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SystemicAnomaly

Talk Tennis Guru
Anyone grew up playing on clay courts with non-permanent line fixtures, would undestand that where this habit came from.
(Of course he does not like to "change" any such habits he developed).
Why the right foot? Clay courts would not dictate this foot preference. The line thing appears to be one of many idiosyncrasies (OCD behaviors) seen with Rafa.

Are there are there clay court specialists who go out of their way to step over lines? I can see not dragging your foot across the lines, but normal walking?
 

Morch Us

Professional
I agree with your net clearence on serve vs ground stroke argument, but not the below statement.

Sure it can happen later in a rally but, at least, the opponent has had an opportunity to play the ball.
A netcord can land very close to the net even on a rally ball, and arguably a net cord on a rally ball has more lucky space to land, it can roll over the net from left side all the way to the right side and still a good ball. A service net cord has more chance to go outside the service box (and so less chance for a lucky winner vs a ground stroke netcord lucky winner). Also at lower levels, possibly the returner is anyway inside the baseline to defend against some possibly short serves as well. A non-netcord ground stroke can land really deep close to the baseline, and so the court space or range to cover on a surprise lucky net-cord ground stroke is arguably more.

Anyway, that being said, I totally hate the idea of serve let winners. But I know that it is purely because of the way I learned playing. Same thing with fast 4 format vs traditional set. I can see the advantage in new format, but I hate a change like that.
 

HuusHould

Professional
If you're a righty, the most common way to FF this way is with your right foot when serving Deuce and with your left foot when serving Ad.
Kyrgios got done on the deuce court with his right foot for this. From memory the rule's a bit absurd in that it didn't matter that his foot was inside when he pushed off the ground, the fact that it came from a position that constituted a foot fault before he stepped up, was enough to render it a foot fault. I can understand why the rule is there, but that ruling makes no sense to me.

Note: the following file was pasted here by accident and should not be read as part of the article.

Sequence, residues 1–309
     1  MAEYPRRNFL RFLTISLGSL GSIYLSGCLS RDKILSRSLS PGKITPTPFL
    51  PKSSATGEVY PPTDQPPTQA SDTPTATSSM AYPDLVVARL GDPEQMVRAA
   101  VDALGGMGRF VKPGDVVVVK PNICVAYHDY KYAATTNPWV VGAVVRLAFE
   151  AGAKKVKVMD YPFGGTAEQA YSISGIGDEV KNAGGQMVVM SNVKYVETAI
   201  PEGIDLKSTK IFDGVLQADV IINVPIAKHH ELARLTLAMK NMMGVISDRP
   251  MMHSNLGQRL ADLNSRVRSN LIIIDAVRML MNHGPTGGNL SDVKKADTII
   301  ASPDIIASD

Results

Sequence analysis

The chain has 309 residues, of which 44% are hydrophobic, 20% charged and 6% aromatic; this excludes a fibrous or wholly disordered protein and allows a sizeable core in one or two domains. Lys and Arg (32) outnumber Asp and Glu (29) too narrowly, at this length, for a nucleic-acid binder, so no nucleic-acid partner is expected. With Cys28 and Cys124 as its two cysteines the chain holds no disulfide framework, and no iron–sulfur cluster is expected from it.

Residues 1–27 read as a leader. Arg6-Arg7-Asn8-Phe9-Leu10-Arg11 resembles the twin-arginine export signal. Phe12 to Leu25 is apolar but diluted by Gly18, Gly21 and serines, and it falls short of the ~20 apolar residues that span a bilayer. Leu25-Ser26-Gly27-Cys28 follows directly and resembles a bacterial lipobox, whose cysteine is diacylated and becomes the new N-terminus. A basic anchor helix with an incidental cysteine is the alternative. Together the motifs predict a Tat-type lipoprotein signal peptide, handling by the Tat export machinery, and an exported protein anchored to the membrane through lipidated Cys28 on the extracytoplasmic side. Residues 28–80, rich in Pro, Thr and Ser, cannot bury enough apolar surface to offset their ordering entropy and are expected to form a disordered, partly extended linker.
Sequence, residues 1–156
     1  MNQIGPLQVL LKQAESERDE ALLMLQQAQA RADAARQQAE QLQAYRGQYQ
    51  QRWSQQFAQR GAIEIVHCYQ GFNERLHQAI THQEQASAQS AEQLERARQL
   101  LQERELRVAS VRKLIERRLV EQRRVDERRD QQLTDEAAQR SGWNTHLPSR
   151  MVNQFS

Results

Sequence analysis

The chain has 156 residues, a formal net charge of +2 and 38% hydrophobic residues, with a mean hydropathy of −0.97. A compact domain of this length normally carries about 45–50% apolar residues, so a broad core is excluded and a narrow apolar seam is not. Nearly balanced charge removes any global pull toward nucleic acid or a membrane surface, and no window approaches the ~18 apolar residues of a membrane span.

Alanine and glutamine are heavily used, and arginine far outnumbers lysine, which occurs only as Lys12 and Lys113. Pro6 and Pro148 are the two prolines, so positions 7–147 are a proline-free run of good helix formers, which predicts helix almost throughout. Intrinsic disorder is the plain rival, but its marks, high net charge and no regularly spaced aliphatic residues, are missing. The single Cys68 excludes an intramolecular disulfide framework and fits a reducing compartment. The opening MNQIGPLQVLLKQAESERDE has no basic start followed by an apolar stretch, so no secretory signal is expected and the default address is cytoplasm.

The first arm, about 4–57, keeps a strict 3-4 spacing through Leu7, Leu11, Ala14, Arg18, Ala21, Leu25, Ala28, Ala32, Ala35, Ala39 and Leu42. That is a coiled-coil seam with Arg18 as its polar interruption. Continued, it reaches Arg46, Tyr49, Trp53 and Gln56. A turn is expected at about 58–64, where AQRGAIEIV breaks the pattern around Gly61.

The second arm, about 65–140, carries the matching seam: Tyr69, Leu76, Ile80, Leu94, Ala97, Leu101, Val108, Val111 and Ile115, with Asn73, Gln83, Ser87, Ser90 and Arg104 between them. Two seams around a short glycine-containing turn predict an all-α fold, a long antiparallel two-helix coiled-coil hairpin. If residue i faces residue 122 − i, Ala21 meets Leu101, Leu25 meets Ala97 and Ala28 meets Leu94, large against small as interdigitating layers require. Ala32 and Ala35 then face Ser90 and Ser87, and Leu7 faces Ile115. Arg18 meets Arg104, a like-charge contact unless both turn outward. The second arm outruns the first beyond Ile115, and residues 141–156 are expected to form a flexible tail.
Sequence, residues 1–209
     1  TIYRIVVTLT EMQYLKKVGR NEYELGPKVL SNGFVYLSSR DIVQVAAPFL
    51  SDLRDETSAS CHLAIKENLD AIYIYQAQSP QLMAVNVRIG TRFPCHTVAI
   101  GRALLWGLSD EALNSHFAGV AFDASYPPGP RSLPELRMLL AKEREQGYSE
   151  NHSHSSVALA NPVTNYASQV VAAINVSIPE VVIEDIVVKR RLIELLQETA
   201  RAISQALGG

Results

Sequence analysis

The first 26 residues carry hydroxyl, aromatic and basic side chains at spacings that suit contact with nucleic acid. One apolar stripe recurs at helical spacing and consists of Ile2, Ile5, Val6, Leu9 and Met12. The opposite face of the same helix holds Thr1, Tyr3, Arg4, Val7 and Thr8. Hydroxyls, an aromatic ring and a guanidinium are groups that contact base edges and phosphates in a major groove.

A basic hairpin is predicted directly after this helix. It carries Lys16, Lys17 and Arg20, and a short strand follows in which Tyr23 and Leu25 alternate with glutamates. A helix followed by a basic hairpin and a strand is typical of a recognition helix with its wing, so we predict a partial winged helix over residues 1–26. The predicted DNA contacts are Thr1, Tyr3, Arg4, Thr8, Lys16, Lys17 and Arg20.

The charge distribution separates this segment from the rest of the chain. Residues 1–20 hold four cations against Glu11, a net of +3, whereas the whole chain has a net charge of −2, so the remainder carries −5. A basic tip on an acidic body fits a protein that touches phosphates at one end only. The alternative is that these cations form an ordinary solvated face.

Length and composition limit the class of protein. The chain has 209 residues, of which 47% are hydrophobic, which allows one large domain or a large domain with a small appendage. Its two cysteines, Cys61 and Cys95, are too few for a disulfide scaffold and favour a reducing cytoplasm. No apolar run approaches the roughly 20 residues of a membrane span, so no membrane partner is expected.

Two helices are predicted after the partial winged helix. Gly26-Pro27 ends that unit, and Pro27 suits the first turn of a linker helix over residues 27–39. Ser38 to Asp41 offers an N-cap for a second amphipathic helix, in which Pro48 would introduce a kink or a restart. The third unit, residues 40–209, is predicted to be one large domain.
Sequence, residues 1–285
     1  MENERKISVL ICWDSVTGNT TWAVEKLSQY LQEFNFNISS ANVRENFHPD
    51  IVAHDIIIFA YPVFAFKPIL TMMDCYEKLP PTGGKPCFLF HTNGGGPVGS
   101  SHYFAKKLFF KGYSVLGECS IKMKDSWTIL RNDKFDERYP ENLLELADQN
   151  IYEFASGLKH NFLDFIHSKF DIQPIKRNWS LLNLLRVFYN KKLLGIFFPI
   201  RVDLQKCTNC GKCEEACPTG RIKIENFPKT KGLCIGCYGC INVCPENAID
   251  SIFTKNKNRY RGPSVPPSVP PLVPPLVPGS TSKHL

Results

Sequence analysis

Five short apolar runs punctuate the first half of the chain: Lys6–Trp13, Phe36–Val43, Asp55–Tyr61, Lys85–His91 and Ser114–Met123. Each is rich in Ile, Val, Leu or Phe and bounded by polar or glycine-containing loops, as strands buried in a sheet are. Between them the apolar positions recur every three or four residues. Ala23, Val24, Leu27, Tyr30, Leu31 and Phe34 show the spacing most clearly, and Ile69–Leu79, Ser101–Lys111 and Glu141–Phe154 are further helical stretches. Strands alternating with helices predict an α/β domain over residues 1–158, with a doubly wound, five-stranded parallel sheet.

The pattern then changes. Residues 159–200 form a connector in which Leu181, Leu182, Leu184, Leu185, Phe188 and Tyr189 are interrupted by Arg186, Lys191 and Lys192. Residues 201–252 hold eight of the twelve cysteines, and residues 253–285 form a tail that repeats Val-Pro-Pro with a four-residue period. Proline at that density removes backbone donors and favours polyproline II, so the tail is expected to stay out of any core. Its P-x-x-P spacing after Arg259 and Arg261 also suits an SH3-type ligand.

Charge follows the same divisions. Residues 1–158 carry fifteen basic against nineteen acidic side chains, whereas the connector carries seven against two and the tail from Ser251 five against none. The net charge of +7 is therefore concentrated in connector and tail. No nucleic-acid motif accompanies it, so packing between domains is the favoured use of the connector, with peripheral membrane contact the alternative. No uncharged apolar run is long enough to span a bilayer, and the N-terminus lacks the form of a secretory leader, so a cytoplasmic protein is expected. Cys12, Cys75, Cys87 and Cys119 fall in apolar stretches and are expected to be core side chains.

SystemicAnomaly

Talk Tennis Guru
I agree with your net clearence on serve vs ground stroke argument, but not the below statement.



A netcord can land very close to the net even on a rally ball, and arguably a net cord on a rally ball has more lucky space to land, it can roll over the net from left side all the way to the right side and still a good ball. A service net cord has more chance to go outside the service box (and so less chance for a lucky winner vs a ground stroke netcord lucky winner). Also at lower levels, possibly the returner is anyway inside the baseline to defend against some possibly short serves as well. A non-netcord ground stroke can land really deep close to the baseline, and so the court space or range to cover on a surprise lucky net-cord ground stroke is arguably more.

Anyway, that being said, I totally hate the idea of serve let winners. But I know that it is purely because of the way I learned playing. Same thing with fast 4 format vs traditional set. I can see the advantage in new format, but I hate a change like that.
Not sure if you understood exactly what I was attempting to get at with that statement. If the net dribble happens on the serve, the other player never had an opportunity engage in the rally at all.

OTOH, if it happens during the rally, this is not fair either. But, at least in this case, both players have had an opportunity to participate in the rally. (And possibly even get to the net during the course of the rally).

The latter has happened to me a number of times over the years. However I tend to go to the net quite early in a rally and have often had a play on the dribblers. When it happens in doubs, my partner is usually close to the net even if I am not.

Anyway, adding a short service line, like badminton in pickleball have, would take care of the dribble situation for the serve. But that line would not be used during the rally. They would still be the unfair dribbler every once in awhile during the rally. But I think this has been less frequent than the serve dribblers when I've played.
 

Morch Us

Professional
You got me. Looks like I totally missed what you were trying to convey earlier.

So you are saying since serve is the first shot, a net-cord winner on that means no rally. But on a ground stroke exchange a netcord-winner on 10th shot means there was still "some" rally, so less of an annoyance because there was "some" play.

Ok. I will buy that.

Thanks for taking time to explain again.

Not sure if you understood exactly what I was attempting to get at with that statement
OTOH, if it happens during the rally, this is not fair either. But, at least in this case, both players have had an opportunity to participate in the rally. (And possibly even get to the net during the course of the rally).
 

DCNJ

New User
Did that just happen in the past year or two?
Yes. I think it was put in place starting last year (the COVID shortened season). I think DIII was supposed to follow as well, so that all NCAA play used the same rules, but only DII followed what DI was doing (so DII now has just the one point for doubles play, but DIII still has three points for doubles--one for each court. That's what DII used to do, even when DI had just the one doubles point)